The benefits of a positive workplace culture are significant: greater productivity, lower turnover, good communication, and employees who are satisfied and happy. In a climate where many organizations aim to dominate their particular market and good talent can be scarce, leading a team that’s dedicated and energized is a powerful lure. If transforming your work culture is on your radar, here’s a look at first steps you can take to get started.

Turn to Customers and Front-Line Workers First

In larger companies, goals are generally set by the C-suite; someone with industry experience and access to analyst trends often sees an opportunity and the executives decide it’s time to grab it.

That top-down approach is sometimes successful, but it’s often more of a gamble than it needs to be. At worst, it creates blinders that can lead to failures: See Blockbuster, Nokia, and Borders.

The high-level perspective is important, but often misses early indications of problems, solutions, and trends. Instead, it’s the people at the front of the organization—your customers and the people who connect with them daily—who are best positioned to give the kind of feedback the business needs to stay healthy. Listening to your customers, front-line sales team and customer service representatives can provide valuable information that can lead to new ideas and potential revenue opportunities, help identify mistaken assumptions in your business model, or even change your understanding of market segments.

Make sure you get customer and front-line input before setting your goals, and then keep that group involved as you make and implement plans; and don’t forget to keep asking for their feedback along the way. All of this will help lower the risk of making bad decisions and go a long way toward not only keeping customers happy, but your team feeling like an integral part of the business building process.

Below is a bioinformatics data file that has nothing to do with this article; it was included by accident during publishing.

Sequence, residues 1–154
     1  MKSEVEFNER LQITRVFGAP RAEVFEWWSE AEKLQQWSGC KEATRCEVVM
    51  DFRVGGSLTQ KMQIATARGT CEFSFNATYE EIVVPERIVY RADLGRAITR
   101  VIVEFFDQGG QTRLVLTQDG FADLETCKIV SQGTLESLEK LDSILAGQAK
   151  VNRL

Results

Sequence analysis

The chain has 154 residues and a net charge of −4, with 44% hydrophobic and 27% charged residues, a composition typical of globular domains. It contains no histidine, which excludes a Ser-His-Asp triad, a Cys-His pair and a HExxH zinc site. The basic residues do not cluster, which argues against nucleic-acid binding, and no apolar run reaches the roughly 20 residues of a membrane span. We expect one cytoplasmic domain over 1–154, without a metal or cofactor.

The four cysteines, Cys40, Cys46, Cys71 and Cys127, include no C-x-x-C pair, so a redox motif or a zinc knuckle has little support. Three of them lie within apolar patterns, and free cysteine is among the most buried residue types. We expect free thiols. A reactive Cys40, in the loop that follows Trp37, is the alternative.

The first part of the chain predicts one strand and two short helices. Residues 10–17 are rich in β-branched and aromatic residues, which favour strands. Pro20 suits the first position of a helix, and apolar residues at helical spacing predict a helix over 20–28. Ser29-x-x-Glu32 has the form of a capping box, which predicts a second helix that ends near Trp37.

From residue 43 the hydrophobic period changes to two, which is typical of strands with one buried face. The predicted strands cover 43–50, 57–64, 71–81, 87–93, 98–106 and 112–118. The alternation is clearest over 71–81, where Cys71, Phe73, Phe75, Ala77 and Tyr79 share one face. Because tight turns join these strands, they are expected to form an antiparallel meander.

Identify People Who Get Things Done

Effective leaders find people who make things happen; they recognize that there are change agents in every organization. While it’s often middle managers who lead cultural shifts, it isn’t always the people with “manager” in their titles.

Change agents prioritize curiosity, learning, and relationships. They empower others, embody the company’s values, and can interpret change at a human level. These are the people with the power to truly disrupt a company from the inside. Fgure out who they are and find out what you can do to help them.

Develop a Continuous Feedback Loop

One of the strongest ways to transform work culture is to simply pay attention. Instead of waiting for quarterly reports or annual reviews, create a continuous feedback loop that allows for constant testing, tuning, and re-tuning organizational vibe.

Instead of waiting for people to come to you with criticisms or kudos, go to them. Prove you are listening and find ways to create small victories that will provide information you need for big wins.

This approach also has the advantage of giving you early warning signs when work culture takes a downturn. Are people working long hours but productivity is suffering? Find out what’s at the root of the problem. This may mean finding small, smart practices to encourage creativity, revisit milestones, or talk to a manager about resetting expectations. Don’t let middle managers—and the people below them—feel that the status quo is unchangeable. Show them that they count, and that their voices and opinions matter. Take input seriously, then use it.

Making incremental change starts a wave of work culture transformation across an organization. It isn’t an abrupt flip, but a signal that positive changes are in the works. Leaders must monitor these steps and make sure the organization keeps moving forward. By doing so, you’ll build momentum that will eventually transform how your organization exists.

What do you think? Have you experienced leading or working in an organization focused on transforming work culture? I’d love to hear your thoughts on this topic, and any suggestions you have based on your experiences that I might have missed.